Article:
What Is a Rehab Loan?

Written By Cathy Lovering
Last updated May 24, 2021

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May 24, 2021

Simple. Thrifty. Living.

A rehab loan lets buyers finance a home that’s less than ideal in terms of condition. Often, it may be the only way new buyers can enter the housing market. Homes within their price range may need extensive renovations and may not qualify for a regular mortgage.

A rehab loan rolls the cost of renovations and purchase price of a home into a single mortgage. The FHA insures these loans with its 203(k) rehab mortgage insurance.

According to HUD, the intent of these loans is to help people finance homes while providing security for lenders.

A 203(k) loan offers affordability for buyers. It gives them an alternative to the high-interest, short-term acquisition and improvement loans that often come with costly balloon payments. Meanwhile, the government-issued insurance provides a safety net for lenders who can’t assess the property condition before approving the loan.

Rehab loans are pretty rare. There’s a lot of extra paperwork. Some lenders may not know enough about them to help you through the process, so it might take some shopping around to find one. But if you can get past the red tape, a rehab loan can be your path to homeownership or a quality investment.

Once funding has approval, the proceeds of the loan go first to the seller. In the case of a refinanced property, the loan pays off the existing mortgage. The remaining funds go into an escrow account and are available for renovations. A rehab loan must come from an FHA-approved lender.

There are two types of 203(k) loans. The one you choose depends on how much you need for renovations and the kinds of repairs you make.

Standard 203(k) Mortgage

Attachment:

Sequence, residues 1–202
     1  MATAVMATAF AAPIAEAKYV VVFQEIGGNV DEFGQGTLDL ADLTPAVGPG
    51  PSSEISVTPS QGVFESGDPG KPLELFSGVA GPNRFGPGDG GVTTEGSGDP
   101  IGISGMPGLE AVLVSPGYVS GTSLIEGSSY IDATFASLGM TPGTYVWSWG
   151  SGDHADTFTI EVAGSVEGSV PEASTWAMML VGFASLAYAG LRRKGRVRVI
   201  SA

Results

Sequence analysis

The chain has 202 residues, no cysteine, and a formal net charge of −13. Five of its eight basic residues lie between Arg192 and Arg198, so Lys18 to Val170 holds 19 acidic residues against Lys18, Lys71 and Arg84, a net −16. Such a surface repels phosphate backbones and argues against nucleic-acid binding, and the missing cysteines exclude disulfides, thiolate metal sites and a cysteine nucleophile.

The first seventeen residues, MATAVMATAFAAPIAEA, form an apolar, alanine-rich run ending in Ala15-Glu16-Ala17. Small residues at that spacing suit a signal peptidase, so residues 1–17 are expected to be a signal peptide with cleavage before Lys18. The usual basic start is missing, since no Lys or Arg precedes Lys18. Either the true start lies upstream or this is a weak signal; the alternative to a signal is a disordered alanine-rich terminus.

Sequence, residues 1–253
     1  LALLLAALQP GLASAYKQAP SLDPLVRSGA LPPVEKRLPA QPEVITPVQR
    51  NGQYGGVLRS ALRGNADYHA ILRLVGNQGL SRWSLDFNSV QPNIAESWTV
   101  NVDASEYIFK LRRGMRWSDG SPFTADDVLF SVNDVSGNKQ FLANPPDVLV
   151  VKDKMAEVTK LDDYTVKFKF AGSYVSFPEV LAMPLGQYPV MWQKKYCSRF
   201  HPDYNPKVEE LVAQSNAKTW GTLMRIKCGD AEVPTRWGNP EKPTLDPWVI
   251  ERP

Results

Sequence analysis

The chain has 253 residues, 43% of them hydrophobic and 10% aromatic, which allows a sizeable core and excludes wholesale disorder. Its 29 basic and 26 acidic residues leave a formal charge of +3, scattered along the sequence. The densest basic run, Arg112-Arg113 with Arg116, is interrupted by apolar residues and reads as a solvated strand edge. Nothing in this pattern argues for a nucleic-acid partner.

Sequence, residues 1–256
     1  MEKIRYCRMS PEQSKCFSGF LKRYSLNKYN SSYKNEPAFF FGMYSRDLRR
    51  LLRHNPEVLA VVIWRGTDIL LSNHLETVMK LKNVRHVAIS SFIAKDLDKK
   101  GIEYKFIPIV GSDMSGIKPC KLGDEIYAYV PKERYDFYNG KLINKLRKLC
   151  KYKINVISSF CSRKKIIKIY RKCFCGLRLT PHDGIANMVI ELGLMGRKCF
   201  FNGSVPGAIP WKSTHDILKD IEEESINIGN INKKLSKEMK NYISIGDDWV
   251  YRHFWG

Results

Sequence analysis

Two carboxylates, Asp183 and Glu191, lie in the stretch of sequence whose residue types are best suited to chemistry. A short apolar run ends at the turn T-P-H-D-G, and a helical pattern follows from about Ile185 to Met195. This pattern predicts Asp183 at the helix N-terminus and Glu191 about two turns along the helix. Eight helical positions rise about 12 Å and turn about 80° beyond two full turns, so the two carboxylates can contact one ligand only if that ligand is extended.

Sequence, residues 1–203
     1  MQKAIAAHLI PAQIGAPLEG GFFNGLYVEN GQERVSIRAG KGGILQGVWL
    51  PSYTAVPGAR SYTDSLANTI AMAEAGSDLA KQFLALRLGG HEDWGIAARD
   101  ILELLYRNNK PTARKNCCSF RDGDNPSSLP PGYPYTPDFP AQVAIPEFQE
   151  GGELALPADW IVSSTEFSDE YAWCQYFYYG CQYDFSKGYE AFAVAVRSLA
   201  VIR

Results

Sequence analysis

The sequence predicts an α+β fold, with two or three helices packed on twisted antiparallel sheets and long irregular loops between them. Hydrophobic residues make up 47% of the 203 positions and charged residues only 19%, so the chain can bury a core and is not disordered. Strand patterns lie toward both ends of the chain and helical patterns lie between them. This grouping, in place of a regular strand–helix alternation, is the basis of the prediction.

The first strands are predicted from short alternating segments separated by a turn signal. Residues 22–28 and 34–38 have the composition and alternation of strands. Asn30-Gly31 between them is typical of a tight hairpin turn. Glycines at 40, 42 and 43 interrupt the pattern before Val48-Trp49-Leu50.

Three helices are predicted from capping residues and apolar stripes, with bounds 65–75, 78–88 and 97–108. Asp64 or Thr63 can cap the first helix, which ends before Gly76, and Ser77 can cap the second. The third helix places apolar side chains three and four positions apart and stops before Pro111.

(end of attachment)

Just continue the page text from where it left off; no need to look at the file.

The standard loan covers structural repairs and nonstructural repairs. There are several factors to note:

  • Your repairs must cost at least $5,000
  • You must hire a HUD consultant to oversee renovations
  • You can do the labor yourself, but you cannot pay yourself for that labor

Your renovations could still go over budget. If your mortgage isn’t enough to cover them, you’ll need to pay the difference out of pocket.

Limited 203(k) Mortgage

The limited loan is for homeowners whose property needs minimal work. The renovation portion of the mortgage cannot exceed $35,000. You do not have to hire a HUD consultant, but there are some other conditions:

  • You must create a work plan before you apply for the mortgage
  • Your work plan must include itemized cost estimates, and you may have to hire a licensed professional to gather this information
  • You must do your repairs within six months, and this can’t prevent you from living in your home for 15 days or more

HUD has a list of the repairs you can finance with a 203(k) loan. Have a look at this list before starting on paperwork. There are some surprising exceptions, like you can’t use a limited 203(k) for landscaping. You also cannot use a standard or limited 203(k) mortgage to convert your property into a commercial use site.